A trademark serves to identify the source of goods or services, and original trademark rights are mainly derived from the accumulated goodwill created by businesses. However, due to the large profits margin between the revenue of trademark transaction and the cost of registration, the business model in practice need to be paid attention to: some market entities hoard trademarks as investments to obtain improper interests and charge high transfer fees.
In an effort to curb malicious trademark registration applications that misappropriate trademark resources, the Trademark Law amended in 2019 added a provision in Article 4 that disqualifies bad-faith trademark registration applications that are not made for the purpose of use. This refers to the circumstance that the applicant lacks any actual use or intent to use the trademark at the time of applying for trademark registration, or based on reasonable inference, is unlikely to use the trademark.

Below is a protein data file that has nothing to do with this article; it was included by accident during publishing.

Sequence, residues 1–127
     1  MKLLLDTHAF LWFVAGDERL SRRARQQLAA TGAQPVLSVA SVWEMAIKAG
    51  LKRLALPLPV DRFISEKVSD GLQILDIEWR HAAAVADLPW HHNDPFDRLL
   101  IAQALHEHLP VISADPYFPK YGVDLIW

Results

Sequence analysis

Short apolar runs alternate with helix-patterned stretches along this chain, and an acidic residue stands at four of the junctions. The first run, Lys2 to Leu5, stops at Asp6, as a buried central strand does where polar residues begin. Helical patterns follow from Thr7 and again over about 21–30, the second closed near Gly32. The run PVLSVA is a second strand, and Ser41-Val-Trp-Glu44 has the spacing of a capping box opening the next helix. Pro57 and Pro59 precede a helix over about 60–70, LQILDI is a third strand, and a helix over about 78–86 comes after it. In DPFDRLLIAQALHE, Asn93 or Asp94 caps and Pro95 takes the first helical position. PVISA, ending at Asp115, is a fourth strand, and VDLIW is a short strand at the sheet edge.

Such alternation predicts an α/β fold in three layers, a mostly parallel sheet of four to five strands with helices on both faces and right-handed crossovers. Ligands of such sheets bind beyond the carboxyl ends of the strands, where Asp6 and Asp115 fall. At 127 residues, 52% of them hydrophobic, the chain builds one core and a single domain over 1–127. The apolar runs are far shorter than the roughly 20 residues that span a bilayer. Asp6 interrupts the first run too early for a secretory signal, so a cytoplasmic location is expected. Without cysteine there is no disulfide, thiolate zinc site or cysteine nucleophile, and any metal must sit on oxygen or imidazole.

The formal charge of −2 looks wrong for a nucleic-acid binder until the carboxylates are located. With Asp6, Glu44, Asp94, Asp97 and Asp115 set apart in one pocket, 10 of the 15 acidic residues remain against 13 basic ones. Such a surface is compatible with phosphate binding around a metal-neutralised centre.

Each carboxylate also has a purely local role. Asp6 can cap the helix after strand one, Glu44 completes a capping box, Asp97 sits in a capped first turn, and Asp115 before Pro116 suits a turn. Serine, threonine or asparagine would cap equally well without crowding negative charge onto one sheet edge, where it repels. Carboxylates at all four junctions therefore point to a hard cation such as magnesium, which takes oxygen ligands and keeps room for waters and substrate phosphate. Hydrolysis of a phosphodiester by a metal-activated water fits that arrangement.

According to the Guidelines for Trademark Examination and Review, in determining whether a trademark filing constitutes "not for the purpose of use" or a bad-faith filing, a number of factors need to be considered holistically, including the scope and the qualifications of the business, in addition to the characteristics of the industry where the applicant is engaged. Furthermore, it is also necessary to have a comprehensive analysis of the applied trademark per se, the number and span of classes of trademarks submitted by the applicant, as well as whether the applicant has a history of malicious registrations.